Email can be an overlooked skill, but it’s often apparent when people don’t have control of their inbox. They may use their time inefficiently, miss emails, lose important information or fail to respond to email in a timely manner. According to Adobe’s 2019 email usage survey, U.S. adults spend nearly three and a half hours a day on work email. Email prioritization and inbox organization affects employees, their teams, and their clients, so focusing on good email habits is important for everyone’s success.

It’s important to find techniques to manage your email that work for you. Start by understanding your productivity weaknesses. You may struggle with one or more of the following:

  • Capturing (identifying and remembering tasks)
  • Filtering (deciding to discard, delegate or do tasks)
  • Prioritization (filtering that includes an understanding of urgency and importance)
  • Focusing (limiting distractions and interruptions)
  • Energy (finding the motivation and making the effort required to complete tasks)

Your process for managing email will also vary depending on your role, with whom you work, and your company’s policies. A successful system will allow you to meet deadlines efficiently and predictably without missing details while maintaining email etiquette standards like timely replies, clear and direct emails and subject lines, and proper tone.

 

Tackling Your Inbox

Is your inbox overloaded? Tackling a mountain of emails is no easy feat, but some key strategies can make it manageable.

Start by grouping your emails by subject line or by whom it’s from, enabling you to quickly identify and manage entire conversations without having to re-read or dig through emails.

Next, go email-by-email and determine if the message is urgent or important. Urgency implies timeliness, and importance relates to relevance to your role and responsibilities or your company’s goals. Your options for action are simple: you can delete, reply, archive or add it to your to-do list. Reach this verdict quickly – for each email, limit yourself to 30 seconds per decision. When you encounter an unimportant email, delete it. Decluttering reduces stress and streamlines your focus. If you can answer an email in less than a minute, respond to it when you read it. If an email contains information that’s unimportant today but may be vital in the future, file it away.

Now, the remaining emails should represent items on your to-do list. After you take care of anything “on fire,” prioritize the rest of your inbox. Here are some techniques:

  • “Eat the Frog.” Mark Twain’s quote loosely says that if you eat a live frog in the morning, nothing worse will happen to you that day. Address the biggest, scariest task on your to-do list first. The rest of your list will seem easier. The more you delay, the more you will dread starting.
  • Consider your psychological readiness. Start with one or two items from your list that you would rather do before the first item, allowing you to gain momentum while still prioritizing important tasks. This strategy is iterative, balancing urgency, importance, and readiness.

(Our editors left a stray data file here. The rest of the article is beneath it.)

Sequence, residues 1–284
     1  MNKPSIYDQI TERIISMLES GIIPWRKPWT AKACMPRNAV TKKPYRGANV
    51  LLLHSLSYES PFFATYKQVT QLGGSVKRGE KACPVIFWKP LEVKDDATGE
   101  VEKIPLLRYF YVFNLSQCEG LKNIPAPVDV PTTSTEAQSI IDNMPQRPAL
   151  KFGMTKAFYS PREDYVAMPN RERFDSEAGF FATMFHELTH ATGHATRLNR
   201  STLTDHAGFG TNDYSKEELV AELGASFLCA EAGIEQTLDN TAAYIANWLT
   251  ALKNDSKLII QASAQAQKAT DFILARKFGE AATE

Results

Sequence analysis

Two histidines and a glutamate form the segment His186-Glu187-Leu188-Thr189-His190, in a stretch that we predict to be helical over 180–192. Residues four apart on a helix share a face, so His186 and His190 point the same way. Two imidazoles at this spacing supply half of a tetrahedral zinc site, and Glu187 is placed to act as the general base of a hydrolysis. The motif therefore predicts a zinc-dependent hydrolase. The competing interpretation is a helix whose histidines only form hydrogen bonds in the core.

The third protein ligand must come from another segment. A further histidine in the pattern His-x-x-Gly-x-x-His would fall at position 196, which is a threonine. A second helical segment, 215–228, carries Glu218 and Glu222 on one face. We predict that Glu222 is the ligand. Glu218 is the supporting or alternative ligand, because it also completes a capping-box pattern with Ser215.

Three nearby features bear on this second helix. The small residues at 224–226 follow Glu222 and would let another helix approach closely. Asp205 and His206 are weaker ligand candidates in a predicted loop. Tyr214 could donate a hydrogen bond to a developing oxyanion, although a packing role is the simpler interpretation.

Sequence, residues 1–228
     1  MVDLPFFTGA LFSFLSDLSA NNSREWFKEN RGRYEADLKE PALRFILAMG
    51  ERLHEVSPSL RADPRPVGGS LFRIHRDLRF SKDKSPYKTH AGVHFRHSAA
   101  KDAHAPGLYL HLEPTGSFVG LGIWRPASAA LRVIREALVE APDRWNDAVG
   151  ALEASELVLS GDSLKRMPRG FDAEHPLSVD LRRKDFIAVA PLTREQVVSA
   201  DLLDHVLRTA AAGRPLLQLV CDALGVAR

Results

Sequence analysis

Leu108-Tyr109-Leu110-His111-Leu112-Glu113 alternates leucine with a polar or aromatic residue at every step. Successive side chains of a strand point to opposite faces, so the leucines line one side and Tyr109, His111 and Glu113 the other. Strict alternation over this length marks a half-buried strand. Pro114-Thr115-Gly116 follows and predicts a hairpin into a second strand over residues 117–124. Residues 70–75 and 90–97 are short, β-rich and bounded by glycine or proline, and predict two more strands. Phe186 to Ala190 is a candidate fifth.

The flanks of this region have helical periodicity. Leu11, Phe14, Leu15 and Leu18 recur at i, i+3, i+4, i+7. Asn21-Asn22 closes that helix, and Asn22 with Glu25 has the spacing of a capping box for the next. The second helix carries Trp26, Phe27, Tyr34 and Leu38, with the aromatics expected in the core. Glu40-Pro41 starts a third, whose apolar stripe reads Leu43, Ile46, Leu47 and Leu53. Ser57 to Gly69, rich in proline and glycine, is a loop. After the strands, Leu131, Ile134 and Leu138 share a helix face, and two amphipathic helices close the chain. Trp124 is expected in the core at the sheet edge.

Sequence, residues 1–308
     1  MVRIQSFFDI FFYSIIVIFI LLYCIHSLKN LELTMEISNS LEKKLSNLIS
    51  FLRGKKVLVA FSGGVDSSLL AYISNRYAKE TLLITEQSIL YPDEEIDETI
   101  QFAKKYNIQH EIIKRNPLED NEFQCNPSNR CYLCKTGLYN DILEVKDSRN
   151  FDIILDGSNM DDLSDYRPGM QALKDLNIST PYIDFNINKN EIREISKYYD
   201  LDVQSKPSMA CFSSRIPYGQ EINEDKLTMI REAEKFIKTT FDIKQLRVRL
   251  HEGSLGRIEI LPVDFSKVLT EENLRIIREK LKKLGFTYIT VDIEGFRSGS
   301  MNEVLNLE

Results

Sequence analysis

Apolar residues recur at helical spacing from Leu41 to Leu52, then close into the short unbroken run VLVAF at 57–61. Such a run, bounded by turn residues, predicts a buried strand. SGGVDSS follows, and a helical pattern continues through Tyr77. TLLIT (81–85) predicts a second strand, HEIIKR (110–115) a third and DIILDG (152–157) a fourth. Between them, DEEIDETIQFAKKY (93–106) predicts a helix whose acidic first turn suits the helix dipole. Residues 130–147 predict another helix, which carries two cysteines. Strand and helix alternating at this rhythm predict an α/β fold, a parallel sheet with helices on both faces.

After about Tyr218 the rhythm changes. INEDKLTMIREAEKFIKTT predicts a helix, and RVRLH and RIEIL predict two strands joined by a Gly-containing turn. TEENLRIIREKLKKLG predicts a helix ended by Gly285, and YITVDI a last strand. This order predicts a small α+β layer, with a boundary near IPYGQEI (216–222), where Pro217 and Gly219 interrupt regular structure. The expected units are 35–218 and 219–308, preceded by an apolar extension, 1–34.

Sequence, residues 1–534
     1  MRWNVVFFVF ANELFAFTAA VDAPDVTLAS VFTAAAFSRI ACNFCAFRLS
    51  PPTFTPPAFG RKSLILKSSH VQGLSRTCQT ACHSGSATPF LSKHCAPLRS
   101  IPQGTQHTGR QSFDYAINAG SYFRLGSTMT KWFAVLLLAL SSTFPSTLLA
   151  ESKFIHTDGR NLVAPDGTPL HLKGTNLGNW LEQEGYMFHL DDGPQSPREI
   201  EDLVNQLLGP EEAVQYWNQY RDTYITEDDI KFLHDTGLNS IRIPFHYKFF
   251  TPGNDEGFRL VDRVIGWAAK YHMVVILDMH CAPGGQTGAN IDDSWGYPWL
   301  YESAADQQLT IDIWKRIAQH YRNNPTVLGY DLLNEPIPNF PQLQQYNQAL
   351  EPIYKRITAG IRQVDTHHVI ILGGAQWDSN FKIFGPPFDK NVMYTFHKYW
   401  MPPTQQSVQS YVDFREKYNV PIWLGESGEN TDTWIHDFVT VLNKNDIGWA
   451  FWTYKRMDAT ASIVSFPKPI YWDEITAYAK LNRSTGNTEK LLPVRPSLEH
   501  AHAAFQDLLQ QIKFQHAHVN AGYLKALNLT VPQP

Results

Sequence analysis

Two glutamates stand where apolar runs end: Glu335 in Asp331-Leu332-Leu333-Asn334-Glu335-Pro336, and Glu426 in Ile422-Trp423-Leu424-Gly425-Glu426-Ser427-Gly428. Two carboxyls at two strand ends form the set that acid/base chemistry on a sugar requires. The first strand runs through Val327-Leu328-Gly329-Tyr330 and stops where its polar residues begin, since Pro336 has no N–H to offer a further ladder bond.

• Start with the oldest. Respond to emails from the bottom of your inbox up, preventing you from getting “stuck” on an email chain, allowing older emails to sit in your inbox for longer.

While reaching Inbox Zero, the goal of having no emails in your inbox, can be very rewarding and helpful for identifying new tasks, don’t get hung up on it if it’s stressing you out.

 

Setting Good Habits

Set good habits to prevent email from piling up in the first place. Here are some best practices:

  1. Set up folders to sort your archived email. Your file structure will be unique based on your position and how you work. Keep your system easy to maintain. Consider creating a folder system based on deadlines, a folder for each of your clients, or a place for emails that need follow-up.
  2. Minimize how much you check your email. Email is distracting, addictive, and less efficient than other communication. Turn off notifications and schedule regular times to check email to allow for more focused work. Limit the emails you receive by reducing the number of emails you send. Prioritize other communication channels like chat or video calls.
  3. Set up email templates. Identify the most frequent types of email you send and develop customizable templates, allowing you to quickly reply to emails with less time and effort.
  4. Set up filters to automatically file incoming mail. Most email platforms have a tool like Outlook Rules, which can filter and file messages based on sender information or subject-line keywords.
  5. Unsubscribe. Minimize unimportant and irrelevant emails by unsubscribing from listservs you aren’t interested in or turning off social media notifications.

 

The idea of perfection often gets in the way of good progress. Celebrate any improvement you make toward efficiency and iterate as needed. For continued growth, here are best-practice resources from our blog:

The post Wading Through Email: How to Manage Your Inbox first appeared on Communiqué PR.